29 of 29 people found the following review helpful
on March 17, 2006
This is my favorite version of Little Women despite that fact that they made Beth younger than Amy when it was the other way around in the book. Amy was actually younger than Beth in the book but even with that it is still my favorite movie version and as much as I liked the 1933 Katharine Hepburn version I liked this 1949 version better and I found June Allyson to be a more convincing Jo.
134 of 152 people found the following review helpful
on November 12, 2000
This version of Louisa May Alcott's classic book, "Little Women," starring June Allyson, Janet Leigh, Liz Taylor and Margaret O'Brien, was the first remake of the film (which originally starred Kathryn Hepburn) and the version that is truest to the book.
The Wynona Ryder film, the third and latest version, was seriously flawed, especially by the inclusion of "politically correct" and contemporary social views like the scene in which Ryder, playing Jo, expresses feminist sympathies to young men in a bar. I've read the book: there's nothing like that in it. In fact, the book is practically a morality play and in the earlier film versions the girls' struggle to improve their characters is portrayed, if somewhat lightly. These struggles, which are necessary to the accurate portrayal of each character and the time in which they lived, was totally deleted from the most recent version.
Both the Hepburn version and the Allyson version use quite a bit of Alcott's original text in the screenplay and characters in both films follow the book almost to the proverbial "T." The Ryder film, on the other hand, is a blatant and successful attempt to "modernize" Louisa Alcott, resulting in a totally inferior production.
34 of 37 people found the following review helpful
As someone named after Beth from Little Women and having sisters and my family roots on our Mothers side being in Maine, I was a lover of this film from the first time I ever saw it. Thankfully we now have it on DVD and can watch it any time we wish. It is very true to the book authored by a favorite author of mine, Louisa May Alcott.
As a woman I like the book and the movie because of the strength of the March women in an era when most women were expected to live a certain role. I also like how each of the daughters Jo, Beth, Amy and Meg along with the mother who is a widow are all spirited females and not at all wimpy or whiny. Remembering at all times that the story was/is set in Civil War times.
The movie never lags but blends smoothly from one scene to the next. The cinematography has held up well over the decades and the movie doesn't show its age visually. Each of the actors went on to be major successes with some being major stars when the movie was made. Its a movie that is timeless and is a favorite especially during the winter months in out home.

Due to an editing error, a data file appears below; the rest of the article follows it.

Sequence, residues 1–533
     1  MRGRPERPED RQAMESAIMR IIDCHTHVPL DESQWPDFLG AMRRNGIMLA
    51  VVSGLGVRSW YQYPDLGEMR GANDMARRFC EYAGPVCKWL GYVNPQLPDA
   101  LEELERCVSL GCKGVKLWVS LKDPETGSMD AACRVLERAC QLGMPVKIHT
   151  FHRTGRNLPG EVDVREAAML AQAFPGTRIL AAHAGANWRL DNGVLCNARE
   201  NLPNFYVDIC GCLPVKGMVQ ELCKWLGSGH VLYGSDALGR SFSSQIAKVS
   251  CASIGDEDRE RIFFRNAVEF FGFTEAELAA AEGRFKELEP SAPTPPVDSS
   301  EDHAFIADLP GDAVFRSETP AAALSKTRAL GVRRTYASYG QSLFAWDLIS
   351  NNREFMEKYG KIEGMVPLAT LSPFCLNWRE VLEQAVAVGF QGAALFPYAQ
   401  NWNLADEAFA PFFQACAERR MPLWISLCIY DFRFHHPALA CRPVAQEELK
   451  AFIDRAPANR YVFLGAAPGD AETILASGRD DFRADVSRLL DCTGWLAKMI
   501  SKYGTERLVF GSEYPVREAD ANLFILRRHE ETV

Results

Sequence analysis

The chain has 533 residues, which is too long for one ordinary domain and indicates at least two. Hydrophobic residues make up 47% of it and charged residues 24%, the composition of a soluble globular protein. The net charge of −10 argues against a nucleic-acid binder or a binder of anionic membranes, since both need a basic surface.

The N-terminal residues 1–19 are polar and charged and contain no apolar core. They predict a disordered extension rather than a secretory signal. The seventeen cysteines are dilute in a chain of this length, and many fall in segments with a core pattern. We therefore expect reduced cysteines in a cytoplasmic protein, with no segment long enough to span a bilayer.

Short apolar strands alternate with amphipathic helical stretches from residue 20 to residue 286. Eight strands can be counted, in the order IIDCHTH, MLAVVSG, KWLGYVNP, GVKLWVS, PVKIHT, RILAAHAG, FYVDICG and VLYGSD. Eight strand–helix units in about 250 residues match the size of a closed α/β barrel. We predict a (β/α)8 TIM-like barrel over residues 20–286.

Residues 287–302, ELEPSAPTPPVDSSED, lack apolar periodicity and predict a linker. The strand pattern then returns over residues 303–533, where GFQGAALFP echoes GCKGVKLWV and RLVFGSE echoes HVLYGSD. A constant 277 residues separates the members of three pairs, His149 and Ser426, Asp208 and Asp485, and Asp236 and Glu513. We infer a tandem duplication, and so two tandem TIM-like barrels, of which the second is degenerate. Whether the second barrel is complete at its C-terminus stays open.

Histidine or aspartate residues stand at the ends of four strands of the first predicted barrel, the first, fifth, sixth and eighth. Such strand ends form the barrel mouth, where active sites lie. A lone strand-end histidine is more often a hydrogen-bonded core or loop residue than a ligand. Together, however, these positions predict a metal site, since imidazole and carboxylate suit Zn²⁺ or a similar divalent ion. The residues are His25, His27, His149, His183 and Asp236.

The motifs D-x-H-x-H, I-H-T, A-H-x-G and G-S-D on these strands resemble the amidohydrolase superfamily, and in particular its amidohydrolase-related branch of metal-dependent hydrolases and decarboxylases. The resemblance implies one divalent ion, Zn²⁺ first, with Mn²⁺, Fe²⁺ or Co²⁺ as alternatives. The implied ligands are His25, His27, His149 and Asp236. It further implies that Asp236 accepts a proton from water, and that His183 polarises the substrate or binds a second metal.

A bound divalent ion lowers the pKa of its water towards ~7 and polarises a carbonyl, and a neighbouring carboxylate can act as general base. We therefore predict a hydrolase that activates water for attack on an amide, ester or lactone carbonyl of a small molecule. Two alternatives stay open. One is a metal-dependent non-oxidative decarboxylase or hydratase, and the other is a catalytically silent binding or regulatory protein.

16 of 17 people found the following review helpful
on November 5, 2005
If you want to know what family can mean and should mean, this movie will show you. None of the other four movie versions will do that. This is the one that is true to the spirit of the book. It is also the best movie.
The members of the cast were superb in their roles. Margaret O'Brien gives a definitive performance as Beth. Mary Astor is the Marmee of the novel brought to life on the screen. Sir C. Aubrey Smith gives a moving performance as Mr. Lawrence. The scene between him and Beth would make a statue cry. (Unfortunately, this was the last film of his distinguished career. He died six months after the film was completed.)
The 1933 version had Katherine Hepburn but not much else.
The 1971 BBC version with its three and a half hours included more of the book, but the acting was lamentable, and even the BBC departed from its policy of faithfulness to literary works by substituting feminist advice when Marmee advises Meg on her marital problems. (Read this passage in Alcott's book. Its wisdom would save many a modern marriage.)
The 1994 version throws the book away, replaces all the characters with contemporary teenager types and turns Marmee into a radical feminist.
(Note that a novelization of this 1994 movie was published when the movie was released. It is simply the filmscript written into novel form, a hundred pages or so and, like the movie, bears little resemblance to Alcott's novel. Many people read that book, thinking they were reading the 800 page Little Women by Louisa May Alcott. Possibly, this is the version that the Amazon reviewer read. Otherwise, it is impossible to explain his rather bizarre review. There are also abridgments in print. Caveat emptor. Such literary crimes ought to be against the law.)
But whether you care about the book or not, if you want a good family movie, this is it.
11 of 11 people found the following review helpful
on October 6, 2005
I love to read books and I love movie adaptations of books! I saw the 1933 black and white movie adaptation of Little Women that starred Katharine Hepburn as Jo and I think it's a very good movie and she was very good as Jo but then I watched this 1949 color movie adaptation for the first time and I liked it even more than I liked the 1933 movie. This 1949 movie starred June Allyson as Jo and I think this movie is wonderful and while there are a couple of changes like making Beth younger then Amy when in the book Amy is younger then Beth I still felt like it was pretty close to the book and I think June Allyson was a very good Jo and was exactly what I pictured Jo to be like and I also liked Margaret O'Brien as Beth and I think she really captured the sweet, shy Beth from the book. The other Actors were good too, Elizabeth Taylor was a perfect Amy, Janet Leigh was very good as Meg, Mary Astor was a good Marmee and I loved the underappreciated Peter Lawford as Laurie and I also liked Rosanno Brazzi as Professor Bhaer who I think was very convincing as the German Mr. Baher and I very highly recommend this wonderful movie and this DVD to fans of the book! I have seen complaints written that the actors in this movie are too old to be playing the young Jo, Meg, Amy, Beth and Laurie but it is such a beautifully filmed and acted movie that if you get past the age thing you will see that the acting is very good and that it makes up for it and you forget about the ages of the actors but I have also seen the same age complaints written about some of the actors from the 1933 and 1994 versions too and to me the age of the actors is just a minor thing and I don't think the actors looked all that old!